Correctional Services spokesman Manelisi Wolela has denied allegations that student leader Mcebo Dla.
A REPORT in The Herald of September 7, "Mother, kids watch as dad gunned down", has raised the ire of reader Marion Harning.
She complained to me and the press ombudsman that the story, about the callous murder of Xolani Yoyo, just hours after he was chosen head of the Ikamvelihle Community Police Forum in Motherwell, needlessly endangered the lives of his widow and children.
The offending last paragraph, a quote from a police spokesperson, stated: "The suspects were not wearing masks; therefore the family will be able to identify them."
Harning sees the sentence as "inviting retaliation against the family. and is especially dangerous in the volatile situation in the Mandela Metro at the current time."
The Herald denies any wrongdoing. "We too would certainly not wish any ill to befall them as a result of the article," says deputy editor Jeremy McCabe.
He adds that the fact the killers did not hide their faces meant they were not perturbed by the possibility of being identified.
We can debate until we are blue in the face whether the killers would, on reading the story, indeed return to silence the widow and her children. Still, it would take nothing from journalists to heed the concerns of conscientious readers. One can't be too careful when it comes to people's lives.
A matter that really incensed many readers this past week was the despicable coverage by some media of the so-called leaked Caster Semenya medical report.
Australia's Daily Telegraph outdid itself as the purveyor of the worst gutter journalism by splashing the leaked report on its front page before Caster was informed of its potentially devastating contents.
All they cared about was to be the first with the news, regardless of the psychological harm the young woman might suffer upon reading in the press that she has no womb and ovaries.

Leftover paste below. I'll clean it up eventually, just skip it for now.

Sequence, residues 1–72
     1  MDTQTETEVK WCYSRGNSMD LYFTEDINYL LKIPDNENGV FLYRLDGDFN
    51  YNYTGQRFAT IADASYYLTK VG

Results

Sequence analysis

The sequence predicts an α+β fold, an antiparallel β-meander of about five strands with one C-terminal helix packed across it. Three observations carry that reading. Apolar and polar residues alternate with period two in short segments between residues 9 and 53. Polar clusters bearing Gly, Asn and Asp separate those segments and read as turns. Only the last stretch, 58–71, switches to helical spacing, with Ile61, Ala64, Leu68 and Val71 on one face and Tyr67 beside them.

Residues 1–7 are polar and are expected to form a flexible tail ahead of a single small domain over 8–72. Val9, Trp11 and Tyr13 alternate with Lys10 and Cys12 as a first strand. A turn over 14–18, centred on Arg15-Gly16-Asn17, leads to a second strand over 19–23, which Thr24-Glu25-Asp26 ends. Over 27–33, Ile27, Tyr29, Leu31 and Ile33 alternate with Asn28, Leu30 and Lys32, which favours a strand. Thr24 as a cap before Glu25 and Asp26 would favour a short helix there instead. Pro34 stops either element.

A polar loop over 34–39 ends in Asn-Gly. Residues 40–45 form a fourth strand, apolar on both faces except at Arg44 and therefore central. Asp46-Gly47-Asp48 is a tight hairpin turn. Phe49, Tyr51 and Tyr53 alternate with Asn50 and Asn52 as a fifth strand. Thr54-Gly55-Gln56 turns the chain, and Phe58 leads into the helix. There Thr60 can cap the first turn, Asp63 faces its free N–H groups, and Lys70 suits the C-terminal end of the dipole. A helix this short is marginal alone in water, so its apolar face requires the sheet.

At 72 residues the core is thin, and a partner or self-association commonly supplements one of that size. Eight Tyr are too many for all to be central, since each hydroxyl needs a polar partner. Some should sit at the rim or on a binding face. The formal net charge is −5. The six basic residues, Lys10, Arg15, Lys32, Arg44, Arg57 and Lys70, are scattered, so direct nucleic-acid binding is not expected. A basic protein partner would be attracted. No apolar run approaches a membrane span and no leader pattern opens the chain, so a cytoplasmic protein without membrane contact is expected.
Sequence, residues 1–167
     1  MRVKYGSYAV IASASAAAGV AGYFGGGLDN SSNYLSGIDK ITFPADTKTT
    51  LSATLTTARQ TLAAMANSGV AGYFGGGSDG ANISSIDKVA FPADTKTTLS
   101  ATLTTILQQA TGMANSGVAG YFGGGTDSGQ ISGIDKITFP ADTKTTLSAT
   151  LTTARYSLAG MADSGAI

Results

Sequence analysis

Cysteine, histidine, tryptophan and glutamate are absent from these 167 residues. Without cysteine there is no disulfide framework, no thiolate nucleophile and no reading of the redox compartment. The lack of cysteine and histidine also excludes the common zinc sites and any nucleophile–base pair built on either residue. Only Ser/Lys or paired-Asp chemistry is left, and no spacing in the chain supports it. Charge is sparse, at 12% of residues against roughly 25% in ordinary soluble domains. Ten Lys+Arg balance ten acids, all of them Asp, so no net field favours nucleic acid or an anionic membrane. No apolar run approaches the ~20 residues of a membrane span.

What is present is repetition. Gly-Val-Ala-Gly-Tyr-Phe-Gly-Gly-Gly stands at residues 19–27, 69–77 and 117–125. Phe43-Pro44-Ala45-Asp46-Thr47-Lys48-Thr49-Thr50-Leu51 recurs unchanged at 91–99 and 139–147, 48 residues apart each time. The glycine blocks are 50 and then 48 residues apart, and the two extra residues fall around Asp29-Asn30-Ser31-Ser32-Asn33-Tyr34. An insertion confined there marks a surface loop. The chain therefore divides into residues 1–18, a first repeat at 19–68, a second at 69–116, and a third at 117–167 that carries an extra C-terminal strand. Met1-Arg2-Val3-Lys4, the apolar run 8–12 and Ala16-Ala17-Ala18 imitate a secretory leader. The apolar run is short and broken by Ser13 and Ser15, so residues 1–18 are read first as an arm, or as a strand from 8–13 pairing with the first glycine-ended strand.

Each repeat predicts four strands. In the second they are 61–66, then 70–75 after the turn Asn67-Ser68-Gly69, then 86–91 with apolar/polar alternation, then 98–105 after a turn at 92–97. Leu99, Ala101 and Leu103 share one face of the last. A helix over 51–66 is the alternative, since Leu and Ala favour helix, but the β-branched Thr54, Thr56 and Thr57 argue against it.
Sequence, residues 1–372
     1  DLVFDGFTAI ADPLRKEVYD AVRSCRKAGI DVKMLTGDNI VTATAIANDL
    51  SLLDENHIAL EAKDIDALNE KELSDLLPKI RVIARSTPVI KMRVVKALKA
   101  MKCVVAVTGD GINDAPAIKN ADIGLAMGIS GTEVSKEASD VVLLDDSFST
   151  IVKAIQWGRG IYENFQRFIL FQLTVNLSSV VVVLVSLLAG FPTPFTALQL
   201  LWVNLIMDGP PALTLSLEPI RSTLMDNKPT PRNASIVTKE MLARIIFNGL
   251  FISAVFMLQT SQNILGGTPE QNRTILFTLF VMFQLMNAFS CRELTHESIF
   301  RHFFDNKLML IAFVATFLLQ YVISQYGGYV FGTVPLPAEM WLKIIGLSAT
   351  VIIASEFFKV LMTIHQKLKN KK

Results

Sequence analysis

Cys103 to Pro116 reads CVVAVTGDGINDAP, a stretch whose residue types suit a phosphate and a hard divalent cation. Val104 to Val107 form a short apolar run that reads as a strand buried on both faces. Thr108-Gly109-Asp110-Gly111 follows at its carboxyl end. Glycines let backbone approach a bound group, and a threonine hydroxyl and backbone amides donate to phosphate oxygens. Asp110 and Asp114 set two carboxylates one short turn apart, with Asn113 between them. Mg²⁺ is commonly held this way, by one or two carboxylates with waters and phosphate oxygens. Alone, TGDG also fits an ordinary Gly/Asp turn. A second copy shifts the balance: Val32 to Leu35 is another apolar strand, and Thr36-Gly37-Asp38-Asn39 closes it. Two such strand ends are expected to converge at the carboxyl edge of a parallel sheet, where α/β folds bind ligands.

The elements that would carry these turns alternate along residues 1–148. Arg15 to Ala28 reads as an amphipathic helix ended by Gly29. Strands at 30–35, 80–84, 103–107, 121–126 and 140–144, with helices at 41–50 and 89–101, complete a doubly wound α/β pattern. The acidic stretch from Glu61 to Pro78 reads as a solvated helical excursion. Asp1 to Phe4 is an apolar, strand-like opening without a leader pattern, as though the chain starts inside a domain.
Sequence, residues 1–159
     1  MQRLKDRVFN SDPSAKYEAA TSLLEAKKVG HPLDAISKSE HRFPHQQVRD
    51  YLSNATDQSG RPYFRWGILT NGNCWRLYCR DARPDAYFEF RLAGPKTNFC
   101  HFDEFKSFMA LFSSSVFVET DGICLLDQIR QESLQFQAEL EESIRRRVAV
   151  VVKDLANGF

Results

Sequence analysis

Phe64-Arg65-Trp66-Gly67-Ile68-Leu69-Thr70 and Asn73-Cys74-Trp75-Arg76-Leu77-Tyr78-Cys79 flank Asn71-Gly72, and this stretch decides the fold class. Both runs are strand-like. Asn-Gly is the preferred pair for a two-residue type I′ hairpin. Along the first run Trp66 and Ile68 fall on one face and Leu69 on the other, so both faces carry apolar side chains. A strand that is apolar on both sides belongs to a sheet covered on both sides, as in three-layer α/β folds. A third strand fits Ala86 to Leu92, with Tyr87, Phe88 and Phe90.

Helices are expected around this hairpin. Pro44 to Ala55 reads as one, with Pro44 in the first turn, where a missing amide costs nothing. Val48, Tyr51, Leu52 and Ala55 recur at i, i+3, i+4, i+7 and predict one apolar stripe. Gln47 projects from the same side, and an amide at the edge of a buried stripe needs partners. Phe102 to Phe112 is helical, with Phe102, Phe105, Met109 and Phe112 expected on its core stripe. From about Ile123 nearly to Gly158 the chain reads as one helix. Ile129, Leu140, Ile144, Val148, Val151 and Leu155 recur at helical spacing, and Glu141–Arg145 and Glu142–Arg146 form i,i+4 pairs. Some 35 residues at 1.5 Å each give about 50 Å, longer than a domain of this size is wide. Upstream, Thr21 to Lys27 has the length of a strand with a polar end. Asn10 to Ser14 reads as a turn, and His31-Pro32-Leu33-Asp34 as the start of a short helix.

Sadly, some local rags did not come out smelling of roses in this sorry saga. They joined in the Aussie feeding frenzy, telling the world she was a hermaphrodite before she and her family got to know.
Local media could not have avoided what was the biggest South African story.
As Fikile-Ntsikelelo Moya, executive editor of Sowetan, puts it: newspapers are no longer the primary source of news.
It would indeed have been foolhardy to ignore the story once it broke.
Ignoring the story would have been cheating readers.
People's hunger for news about their heroine was such that they would have ditched newspapers that ignored the story for the opposition.
To their credit, the local media were generally sympathetic and avoided caricaturing the young woman.
Avusa dailies angled their coverage on reaction to the Aussie bombshell.
Sowetan sought to rebut the cruel reporting of the Daily Telegraph's portrayal of Caster as a cheat, complete with an unflattering photo of her grimacing.
The Times did much better by actually speaking to the athlete's granny and mother, thus softening the blow of the devastating news that their daughter would not be able to bear children even if she so wished.
That is the least all media should have done. Human decency should not play second fiddle to the clamour for scoops and "world exclusives".
We usually avoid naming people who die in accidents before their next of kin are informed.
Is a simple young woman from an African village not worthy of that courtesy?
I agree fully with the Daily Dispatch's editorial: "The world appears to have lost its mind and any semblance of human decency when it comes to Caster Semenya."
Now, can the vultures please let her concentrate on studying for her university examinations?